The success of Grants

Ron Teitelbaum Ron at
Tue Aug 29 17:10:48 UTC 2006

I think we should try to figure out what is going to upset people, and will
funding projects alienate people in this community and keep them from

I believe that Ton has hit on something that I think will help.  It would
seem to me that what will upset people more then anything else is spending
donated money and not receiving back proper value for that money.  If we do
receive back proper value for the investment then everyone benefits since we
all use the software. 

There could be other problems like a sense of favoritism, jealousy or
unfairness.  For example someone could think they could do a better job then
the person selected for a grant or they are working harder then the person
getting paid without receiving anything for their contribution so payment in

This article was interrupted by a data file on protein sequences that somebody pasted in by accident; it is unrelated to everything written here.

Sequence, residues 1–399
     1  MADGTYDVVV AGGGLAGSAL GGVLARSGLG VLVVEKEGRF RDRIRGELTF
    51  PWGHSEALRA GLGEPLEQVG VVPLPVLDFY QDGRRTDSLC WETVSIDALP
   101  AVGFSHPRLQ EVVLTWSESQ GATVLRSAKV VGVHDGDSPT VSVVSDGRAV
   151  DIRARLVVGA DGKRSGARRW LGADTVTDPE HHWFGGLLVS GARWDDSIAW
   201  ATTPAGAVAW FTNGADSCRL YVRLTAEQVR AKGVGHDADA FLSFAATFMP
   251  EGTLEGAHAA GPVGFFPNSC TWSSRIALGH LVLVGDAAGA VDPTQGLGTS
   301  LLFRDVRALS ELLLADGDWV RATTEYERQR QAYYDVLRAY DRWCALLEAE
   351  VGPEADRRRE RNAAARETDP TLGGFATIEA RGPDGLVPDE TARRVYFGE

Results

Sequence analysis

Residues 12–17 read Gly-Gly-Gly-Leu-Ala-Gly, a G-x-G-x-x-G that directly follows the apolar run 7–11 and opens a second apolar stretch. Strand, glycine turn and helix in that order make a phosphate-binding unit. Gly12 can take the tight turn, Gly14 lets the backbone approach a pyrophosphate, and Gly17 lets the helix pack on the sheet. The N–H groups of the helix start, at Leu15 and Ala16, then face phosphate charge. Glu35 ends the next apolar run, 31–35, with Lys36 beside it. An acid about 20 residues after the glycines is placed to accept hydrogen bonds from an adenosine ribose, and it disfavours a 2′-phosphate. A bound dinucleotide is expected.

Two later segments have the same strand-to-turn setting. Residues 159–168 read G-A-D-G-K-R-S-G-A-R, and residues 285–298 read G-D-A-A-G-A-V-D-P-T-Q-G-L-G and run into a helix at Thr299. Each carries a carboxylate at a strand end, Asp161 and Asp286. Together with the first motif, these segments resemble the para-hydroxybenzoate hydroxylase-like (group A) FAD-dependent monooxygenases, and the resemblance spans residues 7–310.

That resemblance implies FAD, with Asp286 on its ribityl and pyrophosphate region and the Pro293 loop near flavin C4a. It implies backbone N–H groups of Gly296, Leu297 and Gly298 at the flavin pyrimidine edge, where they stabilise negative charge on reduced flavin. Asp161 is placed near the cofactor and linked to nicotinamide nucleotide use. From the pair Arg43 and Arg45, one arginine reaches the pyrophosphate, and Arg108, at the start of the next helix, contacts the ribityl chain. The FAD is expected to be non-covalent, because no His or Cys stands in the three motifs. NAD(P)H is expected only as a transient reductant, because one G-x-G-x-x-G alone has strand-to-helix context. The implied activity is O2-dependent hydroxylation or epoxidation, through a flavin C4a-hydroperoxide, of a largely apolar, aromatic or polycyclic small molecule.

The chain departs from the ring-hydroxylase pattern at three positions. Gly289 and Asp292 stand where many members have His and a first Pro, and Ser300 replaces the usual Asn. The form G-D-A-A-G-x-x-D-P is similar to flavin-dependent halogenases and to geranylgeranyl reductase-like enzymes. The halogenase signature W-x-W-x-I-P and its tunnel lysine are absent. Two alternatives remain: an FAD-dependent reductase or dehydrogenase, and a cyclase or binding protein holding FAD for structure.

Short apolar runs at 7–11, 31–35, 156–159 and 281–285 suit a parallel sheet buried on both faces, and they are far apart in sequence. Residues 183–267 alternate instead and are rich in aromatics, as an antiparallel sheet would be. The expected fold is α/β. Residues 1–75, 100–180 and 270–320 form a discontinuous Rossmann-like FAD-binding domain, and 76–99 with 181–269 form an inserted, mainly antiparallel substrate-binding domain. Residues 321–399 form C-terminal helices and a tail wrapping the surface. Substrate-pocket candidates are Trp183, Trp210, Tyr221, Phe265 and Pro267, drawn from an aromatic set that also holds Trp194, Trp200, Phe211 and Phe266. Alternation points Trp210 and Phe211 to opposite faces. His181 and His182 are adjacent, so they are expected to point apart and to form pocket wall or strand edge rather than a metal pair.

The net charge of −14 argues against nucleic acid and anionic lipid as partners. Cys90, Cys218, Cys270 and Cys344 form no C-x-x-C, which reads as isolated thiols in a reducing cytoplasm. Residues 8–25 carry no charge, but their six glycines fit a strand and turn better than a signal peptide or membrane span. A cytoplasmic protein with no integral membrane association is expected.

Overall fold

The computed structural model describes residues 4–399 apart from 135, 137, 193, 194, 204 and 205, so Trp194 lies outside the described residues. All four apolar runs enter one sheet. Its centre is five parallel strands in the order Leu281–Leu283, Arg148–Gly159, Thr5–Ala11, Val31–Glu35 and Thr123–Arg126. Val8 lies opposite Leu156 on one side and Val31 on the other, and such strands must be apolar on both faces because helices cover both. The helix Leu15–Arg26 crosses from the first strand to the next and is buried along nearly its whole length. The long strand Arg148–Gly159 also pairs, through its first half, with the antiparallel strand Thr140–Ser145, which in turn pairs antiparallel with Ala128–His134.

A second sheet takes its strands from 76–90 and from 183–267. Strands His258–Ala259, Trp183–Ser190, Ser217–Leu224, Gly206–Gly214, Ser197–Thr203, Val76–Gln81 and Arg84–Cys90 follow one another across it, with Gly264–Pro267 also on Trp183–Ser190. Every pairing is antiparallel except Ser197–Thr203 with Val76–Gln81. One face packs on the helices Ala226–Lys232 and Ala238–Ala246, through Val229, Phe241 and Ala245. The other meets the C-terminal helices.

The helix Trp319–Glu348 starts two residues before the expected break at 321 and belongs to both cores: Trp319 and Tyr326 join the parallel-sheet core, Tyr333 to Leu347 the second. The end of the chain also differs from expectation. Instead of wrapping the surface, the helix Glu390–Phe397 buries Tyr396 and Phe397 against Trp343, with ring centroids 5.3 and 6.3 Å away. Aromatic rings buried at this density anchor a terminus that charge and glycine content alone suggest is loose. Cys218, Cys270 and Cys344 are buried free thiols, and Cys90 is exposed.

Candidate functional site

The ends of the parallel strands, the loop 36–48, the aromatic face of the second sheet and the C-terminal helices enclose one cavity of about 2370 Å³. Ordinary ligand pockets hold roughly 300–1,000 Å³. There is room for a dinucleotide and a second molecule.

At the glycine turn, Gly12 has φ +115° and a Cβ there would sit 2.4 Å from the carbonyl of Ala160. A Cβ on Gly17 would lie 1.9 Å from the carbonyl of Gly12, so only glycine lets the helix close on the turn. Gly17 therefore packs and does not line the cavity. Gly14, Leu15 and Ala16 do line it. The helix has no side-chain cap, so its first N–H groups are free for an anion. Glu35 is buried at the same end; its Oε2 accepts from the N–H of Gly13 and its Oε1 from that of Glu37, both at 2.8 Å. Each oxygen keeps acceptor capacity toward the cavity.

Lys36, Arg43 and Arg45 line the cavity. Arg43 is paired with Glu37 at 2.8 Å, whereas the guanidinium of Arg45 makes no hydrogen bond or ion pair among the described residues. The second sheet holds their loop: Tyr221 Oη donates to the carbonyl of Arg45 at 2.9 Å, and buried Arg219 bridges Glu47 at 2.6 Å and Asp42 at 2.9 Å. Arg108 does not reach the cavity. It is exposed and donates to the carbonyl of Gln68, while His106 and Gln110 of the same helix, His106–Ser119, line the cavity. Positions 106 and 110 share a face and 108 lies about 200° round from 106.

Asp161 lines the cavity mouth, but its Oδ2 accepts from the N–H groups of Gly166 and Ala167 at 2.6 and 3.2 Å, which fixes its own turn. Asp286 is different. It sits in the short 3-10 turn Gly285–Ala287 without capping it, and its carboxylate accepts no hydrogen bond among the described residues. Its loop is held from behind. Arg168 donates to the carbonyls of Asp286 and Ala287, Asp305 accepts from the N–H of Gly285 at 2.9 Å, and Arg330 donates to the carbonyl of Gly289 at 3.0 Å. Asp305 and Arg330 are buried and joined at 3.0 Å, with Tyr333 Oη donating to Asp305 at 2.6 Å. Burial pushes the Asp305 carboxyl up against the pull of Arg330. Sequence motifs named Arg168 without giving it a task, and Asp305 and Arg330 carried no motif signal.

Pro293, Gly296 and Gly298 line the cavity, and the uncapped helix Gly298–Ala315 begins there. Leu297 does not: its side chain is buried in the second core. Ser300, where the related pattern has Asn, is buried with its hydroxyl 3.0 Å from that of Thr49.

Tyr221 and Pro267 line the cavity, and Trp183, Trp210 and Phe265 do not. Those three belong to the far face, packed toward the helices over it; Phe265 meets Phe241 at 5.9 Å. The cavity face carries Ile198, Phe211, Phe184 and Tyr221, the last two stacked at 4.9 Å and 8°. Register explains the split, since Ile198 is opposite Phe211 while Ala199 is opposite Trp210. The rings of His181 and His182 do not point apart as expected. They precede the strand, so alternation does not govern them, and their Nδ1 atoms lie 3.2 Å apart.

general is not fair.

I believe that by raising the bar, by insisting on a professional management
type atmosphere, that has real structure and accountability, most people
would feel more comfortable about this type of grant.

The three major things that should happen are.  We should agree on what task
or event we want, and what the value of that task or event is to the
community.  Then we should partner with someone that is willing to
administer the project, either a business or educational institution that
may or may not have a financial stake in the project and may or may not
receive some benefit themselves.  At that point we need to have highly
qualified community members screen applicants so that we can all be assured
that the candidate can provide the value we are looking for.  The process
should be open and transparent with frequent updates as to status.

I think we could all benefit from more movement and development.  For me
it's a good idea.

Ron Teitelbaum 

> From: Joshua Gargus
> Sent: Tuesday, August 29, 2006 11:38 AM
> I wonder how the "crowding out" effect differs between working
> on one's pet project, and doing something that is not really fun,
> but is necessary.  For example, I'm not intrinsically motivated to
> write tools to support harvesting, so there would probably be
> no negative effect from receiving an extrinsic reward.
> Josh

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